• Focus on the majors, less on the minors. It is an iteration of processes from Idea to Creation to Outreach to Measurement to Reporting.
    • Local SEO is not a checklist of citations. It used to be that we had a list of citations to correct like Name, Address, Phone (NAP). This is still important, but the strategy needs to be about building local links and building them at scale using relevance, proximity, and prominence.

    For relevance, it used to be that you set up your NAP citations and your GMB (Google My Business) and that would be it. That is no longer the case, and proximity is largely out of our control.

    So what will it take in 2020 to improve your local SEO?

    Prominence… that is the word for local SEO in 2020.

    (The next topic about Google My Business in number 8 explains more about this.)

    “Prominence is also based on information that Google has about a business from across the web (like links, articles, and directories). Google review count and score are factored into local search ranking: more reviews and positive ratings will probably improve a business’s local ranking. Your position in web results is also a factor, so SEO best practices also apply to local search optimization.”


    Need help creating links? Here is a worksheet.

    Link building takes time. When it comes to building prominence, time is a precious commodity. The checklist disappears and a strategy that honors time replaces it.

    How do you strategically build links?

    1. Build foundational local links from your community like newspapers, community sites, websites from other local businesses, education and government sites, events, and even local social posts.
    2. Start link prospecting. See if you can collaborate with others in your industry or group to share links.
    3. Create link outreach campaigns.
    4. Then measure it.
    5. Finally, create your content using a calendar and content brief. See how to create a content brief from Content Marketing Institute. Don’t forget your customer reviews.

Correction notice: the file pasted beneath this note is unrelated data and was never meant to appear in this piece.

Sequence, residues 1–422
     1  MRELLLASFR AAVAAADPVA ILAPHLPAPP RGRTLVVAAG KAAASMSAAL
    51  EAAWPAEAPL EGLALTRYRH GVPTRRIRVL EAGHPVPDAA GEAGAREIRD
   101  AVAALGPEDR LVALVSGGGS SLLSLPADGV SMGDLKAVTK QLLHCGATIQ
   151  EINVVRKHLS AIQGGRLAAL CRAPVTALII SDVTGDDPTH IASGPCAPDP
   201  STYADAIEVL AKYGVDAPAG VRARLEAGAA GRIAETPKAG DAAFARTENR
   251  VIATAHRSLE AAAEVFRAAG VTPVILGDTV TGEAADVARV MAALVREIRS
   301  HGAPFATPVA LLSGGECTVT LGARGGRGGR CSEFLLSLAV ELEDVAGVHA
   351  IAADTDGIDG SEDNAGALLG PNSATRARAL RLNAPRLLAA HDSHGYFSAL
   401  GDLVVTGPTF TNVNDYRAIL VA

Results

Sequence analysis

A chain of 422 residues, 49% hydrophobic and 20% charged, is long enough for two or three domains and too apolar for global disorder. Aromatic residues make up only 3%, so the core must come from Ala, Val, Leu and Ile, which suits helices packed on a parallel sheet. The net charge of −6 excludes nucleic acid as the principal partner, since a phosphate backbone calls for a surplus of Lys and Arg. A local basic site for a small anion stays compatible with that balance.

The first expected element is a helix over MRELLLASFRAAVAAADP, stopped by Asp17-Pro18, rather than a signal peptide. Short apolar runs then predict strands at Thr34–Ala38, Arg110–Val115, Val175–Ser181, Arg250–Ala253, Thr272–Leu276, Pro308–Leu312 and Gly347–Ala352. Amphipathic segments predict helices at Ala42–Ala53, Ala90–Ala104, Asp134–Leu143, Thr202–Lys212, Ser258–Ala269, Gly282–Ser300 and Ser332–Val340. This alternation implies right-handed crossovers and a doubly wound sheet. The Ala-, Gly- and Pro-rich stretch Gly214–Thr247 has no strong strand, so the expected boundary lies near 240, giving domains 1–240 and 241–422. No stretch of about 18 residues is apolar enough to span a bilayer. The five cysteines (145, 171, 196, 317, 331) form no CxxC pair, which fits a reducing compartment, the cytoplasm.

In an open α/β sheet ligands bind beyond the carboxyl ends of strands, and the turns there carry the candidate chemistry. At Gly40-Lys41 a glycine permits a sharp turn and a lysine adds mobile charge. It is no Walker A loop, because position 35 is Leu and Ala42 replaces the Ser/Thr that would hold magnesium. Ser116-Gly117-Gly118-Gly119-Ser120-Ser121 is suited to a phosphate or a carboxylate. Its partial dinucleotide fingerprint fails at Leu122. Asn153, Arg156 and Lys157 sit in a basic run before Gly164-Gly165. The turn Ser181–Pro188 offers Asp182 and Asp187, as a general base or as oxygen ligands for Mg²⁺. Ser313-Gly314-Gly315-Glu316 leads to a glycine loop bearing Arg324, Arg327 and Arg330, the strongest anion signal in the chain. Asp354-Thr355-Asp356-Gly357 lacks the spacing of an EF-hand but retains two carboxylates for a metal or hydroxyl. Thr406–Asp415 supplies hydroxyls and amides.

These are links for sponsors in the local Houston WordPress Meetups
    More links from a local Chamber of Commerce
    Outreach email example courtesy of mbealin

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    8) You Need A Complete and Thorough Google My Business (GMB) Account

    I provide more details about Google My Business in this post.

    Essentially GMB is a free service from Google to list your business profile on Google Maps and Google search.

    There are still tons of low-hanging fruit in Google My Business (GMB). Since they removed the social aspect of Google, Google+, much of their attention has shifted to GMB. Google wants local marketing on Google to be as simple as possible for local businesses, which is good. GMB includes the ability to manage your business profile branding, hours, photos, and even add posts.

    In 2018, Moz ran its annual ‘Local Search Ranking Factors Study‘. They found that the #1 ranking factor for ranking in the map pack was your Google My Business Profile. As I mentioned earlier, just having a GMB account is not enough. To stand out, it needs to be spot on and highly optimized.

    In 2017, Local SEO Guide checked over 200 factors to find what businesses do to rank locally. The top businesses had reviews that included your keywords. This could be customer reviews from anywhere, not just Google. Then it is those reviews that included the name of the city in it and then if any had responses to them or photos added by the company and even customers. Below is a complete list:

    Quick Tip: Take Advantage of What Your Competitors Are Not Doing:

    • Claim your listing. Many businesses have yet to claim their listings and many more don’t realize they have one.
    • Photos. Upload your photos. Research shows that GMB photos are increasingly being used by customers. Therefore Google will be giving them more weight and value over time.
    • Reviews. In 2020, reviews will be central to your company’s visibility and conversions.
    • Ask questions and give answers. Don’t leave it up to your customers to answer another customer’s question. This can lead to inaccurate information. Be sure to answer them yourself. Don’t have any? Ask them yourself.

    Q&A. In GMB listings, 91% of questions from prospective buyers have yet to be answered by business owners. Most questions are being answered by other users which is not what most companies would want. Just like Google My Business reviews, Q&As are essentially crowdsourced by real people who ask questions with the expectation the business will answer their questions. The issue is that many business don’t realize that it’s out there so questions go unanswered or worse yet, they answered incorrectly. Learn more about Google’s Q&A section.